Faculty Summer Reading List
Associate Professor of Anthropology and Women's, Gender and Sexuality Studies
Marbles: Mania, Depression, Michelangelo and Me: A Graphic Memoir by Ellen Forney. Ever since author-cartoonist Alison Bechdel came to campus to talk about her graphic memoirs Fun Home and Are You My Mother? I’ve been devouring graphic memoirs.
Editor of Wooster Magazine
Refuge, An Unnatural History of Family and Place, by Terry Tempest Williams. This nonfiction book about the intersection of people and nature took literary and ecological communities by storm when it was released in 1991, with accolades like the one from the San Francisco Chronicle: "There has never been a book like Refuge, an entirely original yet tragically common story, brought exquisitely to life ... Powerful and regenerative."
Associate Professor of History and Religious Studies and Campus Rabbi
The Yiddish Policemen's Union by Michael Chabon, who also wrote The Amazing Adventures of Kavalier and Clay. Its counterfactual premise is that FDR designated a section of the Alaska Territory as a refuge for Jews fleeing Hitler (and then the Arabs, who overran Israel in 1948), but that the arrangement was only for 60 years and now it's coming to a close. It's a detective story with a contemporary twist that I won't give away, but of course from a writer like Chabon it's far more than just a good plot. I enjoyed this book so much that I've read it three times, but this summer I'm going to read it in Hebrew as a way of keeping up my language ability.
I am recommending two, because I really cannot choose a favorite between them. These are two really excellent books.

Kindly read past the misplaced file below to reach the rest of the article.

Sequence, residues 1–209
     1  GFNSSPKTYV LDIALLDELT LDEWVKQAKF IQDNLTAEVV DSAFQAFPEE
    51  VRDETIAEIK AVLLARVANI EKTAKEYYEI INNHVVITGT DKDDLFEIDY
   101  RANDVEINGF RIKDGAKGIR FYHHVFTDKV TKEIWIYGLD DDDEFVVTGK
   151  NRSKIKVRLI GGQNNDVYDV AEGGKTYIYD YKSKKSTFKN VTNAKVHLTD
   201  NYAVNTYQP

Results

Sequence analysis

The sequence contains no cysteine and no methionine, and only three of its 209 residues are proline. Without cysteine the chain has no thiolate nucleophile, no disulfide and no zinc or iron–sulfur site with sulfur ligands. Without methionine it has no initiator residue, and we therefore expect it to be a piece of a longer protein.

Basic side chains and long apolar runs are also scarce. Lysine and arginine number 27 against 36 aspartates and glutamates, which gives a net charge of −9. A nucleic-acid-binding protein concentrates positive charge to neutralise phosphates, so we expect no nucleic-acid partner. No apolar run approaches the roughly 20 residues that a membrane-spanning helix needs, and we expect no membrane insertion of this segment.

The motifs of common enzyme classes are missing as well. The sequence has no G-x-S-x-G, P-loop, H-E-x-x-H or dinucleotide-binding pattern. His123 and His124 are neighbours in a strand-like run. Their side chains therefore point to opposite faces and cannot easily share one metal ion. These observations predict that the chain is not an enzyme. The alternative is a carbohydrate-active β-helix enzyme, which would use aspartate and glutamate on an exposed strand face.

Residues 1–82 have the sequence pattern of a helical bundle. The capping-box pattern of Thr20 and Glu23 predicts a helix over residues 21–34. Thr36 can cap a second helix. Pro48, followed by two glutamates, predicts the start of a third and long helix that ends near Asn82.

1.The Boys in the Boat: Nine Americans and Their Epic Quest for Gold at the 1936 Olympics, by Daniel James Brown (2013). The "boys" in the book were students at the University of Oregon who came from humble farming and working-class backgrounds and managed, against stiff competition from the Ivy League and British universities, to become rowing champions. It is an extremely well-written book, and the story of these unique young men is set against the turbulent political background of the 1930s and the Great Depression. It is an inspiring and gripping read.
2. Empty Mansions: The Mysterious Life of Huguette Clark and the Spending of a Great American Fortune,
by Bill Dedman and Paul Newell (2014). This is an investigative study
of the life of an incredibly rich, reclusive heiress who owned, but did
not reside in, lavish palatial homes, and it reads like a mystery novel,
even though it is completely factual and reveals much about American
society and the vagaries of great wealth at the turn of the 20th
century. It was named as one of the best books of the year by Janet
Maslin in the New York Times.
Associate Professor and Chair of the Pre-Law Advising Program
One book at the top of my summer reading list is Deaths in Venice: The Cases of Gustav von Aschenbach by the philosopher Philip Kitcher. I am a former English major and now regularly teach our department's Art, Love and Beauty course so this title has really grabbed my attention. Kitcher is a very clear writer and a first rate philosopher known primarily for his work in philosophy of science. The title of the book obviously indicates a focus on Thomas Mann's excellent and famous 1913 novella. The plural "Deaths" signals Kitcher's consideration of the original novella alongside Benjamin Britten's adaptation for the opera and Luchino Visconti's adaptation for film. The book's description explains that Kitcher considers how the three treatments "illuminate the tension between social and ethical values and an artist's sensitivity to beauty."